Tseshaht calls on community leaders to attend forum, stressing need for solutions to toxic drug crisis | Ha-Shilth-Sa Newspaper

Tseshaht calls on community leaders to attend forum, stressing need for solutions to toxic drug crisis

Port Alberni, BC

“There’s really bad drugs out there and it’s freaking me out, our people are just dropping,” said Gail K. Gus, Tseshaht First Nation’s Crisis Care and Wellness coordinator.

She has noticed that since the start of the COVID-19 pandemic, people in general have become more depressed and are turning to alcohol and/or illicit drugs to cope.

“Since the pandemic started we are seeing more cracks in an already weak system…if the government is legalizing small amounts of drugs for personal use then they should put money where it counts,” she said. “We need more healing, more detox and stabilization places and we need the government to hear and take action.”

Tseshaht is inviting all community leaders, stakeholders, First Nations leaders, government officials, front line workers, health care workers and others to take part in a two-day forum at Maht Mahs on March 27th and 28th.

“We are gathering to unify on a certified and fully funded detox center and stabilization unit as a common action item in order to address the opioid crisis,” says the Tseshaht invitation.

“There’s warnings every day about (lethal levels of) drug toxicity…it’s in the crystal meth, it’s in crack cocaine and it’s in the heroin,” said Gus.

She hopes to see Nuu-chah-nulth leaders at the gathering as well.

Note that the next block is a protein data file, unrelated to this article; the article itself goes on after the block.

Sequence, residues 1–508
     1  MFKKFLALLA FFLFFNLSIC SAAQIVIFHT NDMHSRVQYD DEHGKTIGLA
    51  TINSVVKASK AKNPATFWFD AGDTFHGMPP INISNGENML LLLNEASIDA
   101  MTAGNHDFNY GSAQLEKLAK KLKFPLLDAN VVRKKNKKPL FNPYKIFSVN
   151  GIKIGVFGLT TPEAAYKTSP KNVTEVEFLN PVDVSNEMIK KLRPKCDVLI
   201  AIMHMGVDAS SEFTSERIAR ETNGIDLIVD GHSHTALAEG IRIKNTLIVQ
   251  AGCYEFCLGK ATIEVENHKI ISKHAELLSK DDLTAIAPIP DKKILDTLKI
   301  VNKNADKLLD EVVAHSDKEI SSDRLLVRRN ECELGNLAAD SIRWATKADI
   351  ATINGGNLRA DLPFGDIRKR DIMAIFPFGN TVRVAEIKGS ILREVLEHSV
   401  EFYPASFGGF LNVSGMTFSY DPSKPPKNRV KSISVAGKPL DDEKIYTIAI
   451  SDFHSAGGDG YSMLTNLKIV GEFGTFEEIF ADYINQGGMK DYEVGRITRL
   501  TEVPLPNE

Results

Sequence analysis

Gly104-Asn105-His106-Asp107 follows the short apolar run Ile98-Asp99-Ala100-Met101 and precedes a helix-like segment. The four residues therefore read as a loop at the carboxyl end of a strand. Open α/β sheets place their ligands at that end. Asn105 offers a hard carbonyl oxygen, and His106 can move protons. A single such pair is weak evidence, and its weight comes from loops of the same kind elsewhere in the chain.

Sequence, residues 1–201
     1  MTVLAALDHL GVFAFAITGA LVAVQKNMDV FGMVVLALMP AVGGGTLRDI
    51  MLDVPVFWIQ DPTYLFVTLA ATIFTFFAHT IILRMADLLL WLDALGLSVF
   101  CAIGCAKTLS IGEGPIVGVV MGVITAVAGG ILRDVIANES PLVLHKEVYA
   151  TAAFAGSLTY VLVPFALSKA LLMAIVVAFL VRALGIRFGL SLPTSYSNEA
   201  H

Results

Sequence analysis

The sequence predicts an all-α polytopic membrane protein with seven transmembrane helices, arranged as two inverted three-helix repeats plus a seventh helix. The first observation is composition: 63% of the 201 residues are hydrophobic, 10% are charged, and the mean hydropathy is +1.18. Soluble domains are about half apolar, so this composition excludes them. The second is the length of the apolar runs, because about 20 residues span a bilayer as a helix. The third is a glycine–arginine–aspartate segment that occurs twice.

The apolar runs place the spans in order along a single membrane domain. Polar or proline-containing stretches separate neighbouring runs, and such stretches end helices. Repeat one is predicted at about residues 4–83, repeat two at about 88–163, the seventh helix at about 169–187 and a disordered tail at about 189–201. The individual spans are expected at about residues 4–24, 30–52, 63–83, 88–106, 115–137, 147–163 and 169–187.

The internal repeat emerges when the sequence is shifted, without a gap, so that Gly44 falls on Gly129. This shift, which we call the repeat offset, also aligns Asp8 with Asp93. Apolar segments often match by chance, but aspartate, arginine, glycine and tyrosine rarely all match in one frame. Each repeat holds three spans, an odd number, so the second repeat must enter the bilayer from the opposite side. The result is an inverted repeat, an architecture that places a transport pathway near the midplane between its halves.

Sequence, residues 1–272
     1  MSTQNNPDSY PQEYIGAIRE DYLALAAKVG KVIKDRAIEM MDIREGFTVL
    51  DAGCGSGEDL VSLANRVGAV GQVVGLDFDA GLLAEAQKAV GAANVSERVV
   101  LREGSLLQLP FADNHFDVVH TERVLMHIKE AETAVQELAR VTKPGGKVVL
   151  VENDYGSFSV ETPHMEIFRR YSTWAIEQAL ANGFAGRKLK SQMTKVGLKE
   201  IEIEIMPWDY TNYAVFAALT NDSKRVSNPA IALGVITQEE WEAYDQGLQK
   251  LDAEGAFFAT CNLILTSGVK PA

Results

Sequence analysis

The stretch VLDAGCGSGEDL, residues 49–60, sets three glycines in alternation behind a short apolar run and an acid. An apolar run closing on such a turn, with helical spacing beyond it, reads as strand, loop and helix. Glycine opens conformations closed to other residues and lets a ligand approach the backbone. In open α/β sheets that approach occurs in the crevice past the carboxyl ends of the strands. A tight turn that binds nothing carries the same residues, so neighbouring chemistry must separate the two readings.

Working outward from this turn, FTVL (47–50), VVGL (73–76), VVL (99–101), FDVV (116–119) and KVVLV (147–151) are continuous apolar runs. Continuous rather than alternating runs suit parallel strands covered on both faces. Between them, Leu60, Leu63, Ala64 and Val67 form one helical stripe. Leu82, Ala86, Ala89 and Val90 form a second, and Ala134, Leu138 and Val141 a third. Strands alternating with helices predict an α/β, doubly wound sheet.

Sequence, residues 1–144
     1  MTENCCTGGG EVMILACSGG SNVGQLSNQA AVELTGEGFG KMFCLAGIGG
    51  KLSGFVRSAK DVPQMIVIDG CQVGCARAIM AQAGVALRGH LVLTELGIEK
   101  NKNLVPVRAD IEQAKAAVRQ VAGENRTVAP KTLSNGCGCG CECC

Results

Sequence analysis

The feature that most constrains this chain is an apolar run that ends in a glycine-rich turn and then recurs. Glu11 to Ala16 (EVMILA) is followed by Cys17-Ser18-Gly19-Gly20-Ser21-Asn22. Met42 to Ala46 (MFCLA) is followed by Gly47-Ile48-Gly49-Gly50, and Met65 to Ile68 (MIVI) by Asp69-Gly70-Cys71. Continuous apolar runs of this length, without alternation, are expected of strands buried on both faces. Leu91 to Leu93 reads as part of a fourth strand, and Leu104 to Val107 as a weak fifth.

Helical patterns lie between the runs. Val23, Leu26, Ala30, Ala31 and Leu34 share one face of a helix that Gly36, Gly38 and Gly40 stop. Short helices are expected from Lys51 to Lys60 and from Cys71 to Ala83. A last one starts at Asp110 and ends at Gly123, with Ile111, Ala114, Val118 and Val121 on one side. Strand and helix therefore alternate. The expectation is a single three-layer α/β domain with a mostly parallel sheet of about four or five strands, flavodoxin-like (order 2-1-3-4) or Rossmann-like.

“There’s young Nuu-chah-nulth girls out there…some Nuu-chah-nulth nations don’t know how bad it is,” she added.

The gathering Tseshaht is holding falls nearly seven years since the province declared the opioid crisis a public health emergency on April 14, 2016. After a drop in fatal overdoses in 2019, tragedies escalated during the COVID-19 pandemic. With nearly 2,300 fatalities, the BC Coroners Service reported that last year was the second deadliest on record for deaths due to illicit drug use. At a rate of over six deaths a day, Fentanyl was detected in 84 per cent of fatal overdoses.  

Gus’s vision is for the leaders to come together with a solid plan.

“We can’t continue to be complacent, things are just getting worse,” she said. “We need to get some grip on our wheels to get things moving.”

The Tseshaht First Nation Call to Action – Toxic Drug Crisis gathering begins Monday, March 27 at Maht Mahs from 9 – 4 p.m. Refreshments and lunches are provided.

For more information or to RSVP, contact Gail K. Gus at 250-731-6622 or email her at gkgus@tseshaht.com

Share this: